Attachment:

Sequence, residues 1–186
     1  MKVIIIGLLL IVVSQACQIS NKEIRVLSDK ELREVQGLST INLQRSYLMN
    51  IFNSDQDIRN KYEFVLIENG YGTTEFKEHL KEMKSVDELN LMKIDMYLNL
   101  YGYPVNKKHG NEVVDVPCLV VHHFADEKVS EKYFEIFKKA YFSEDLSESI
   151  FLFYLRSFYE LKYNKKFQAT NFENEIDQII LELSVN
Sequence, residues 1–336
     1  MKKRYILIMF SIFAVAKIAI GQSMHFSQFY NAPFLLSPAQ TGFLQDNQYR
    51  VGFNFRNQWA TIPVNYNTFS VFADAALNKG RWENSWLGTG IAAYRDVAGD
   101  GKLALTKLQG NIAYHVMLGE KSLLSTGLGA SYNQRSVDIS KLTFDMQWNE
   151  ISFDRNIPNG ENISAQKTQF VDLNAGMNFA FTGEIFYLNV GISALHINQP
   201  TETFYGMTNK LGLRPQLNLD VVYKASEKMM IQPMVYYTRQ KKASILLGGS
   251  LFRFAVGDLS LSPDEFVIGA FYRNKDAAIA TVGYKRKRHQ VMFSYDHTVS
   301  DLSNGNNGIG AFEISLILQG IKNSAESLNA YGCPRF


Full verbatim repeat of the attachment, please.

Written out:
Sequence, residues 1–186
     1  MKVIIIGLLL IVVSQACQIS NKEIRVLSDK ELREVQGLST INLQRSYLMN
    51  IFNSDQDIRN KYEFVLIENG YGTTEFKEHL KEMKSVDELN LMKIDMYLNL
   101  YGYPVNKKHG NEVVDVPCLV VHHFADEKVS EKYFEIFKKA YFSEDLSESI
   151  FLFYLRSFYE LKYNKKFQAT NFENEIDQII LELSVN
Sequence, residues 1–336
     1  MKKRYILIMF SIFAVAKIAI GQSMHFSQFY NAPFLLSPAQ TGFLQDNQYR
    51  VGFNFRNQWA TIPVNYNTFS VFADAALNKG RWENSWLGTG IAAYRDVAGD
   101  GKLALTKLQG NIAYHVMLGE KSLLSTGLGA SYNQRSVDIS KLTFDMQWNE
   151  ISFDRNIPNG ENISAQKTQF VDLNAGMNFA FTGEIFYLNV GISALHINQP
   201  TETFYGMTNK LGLRPQLNLD VVYKASEKMM IQPMVYYTRQ KKASILLGGS
   251  LFRFAVGDLS LSPDEFVIGA FYRNKDAAIA TVGYKRKRHQ VMFSYDHTVS
   301  DLSNGNNGIG AFEISLILQG IKNSAESLNA YGCPRF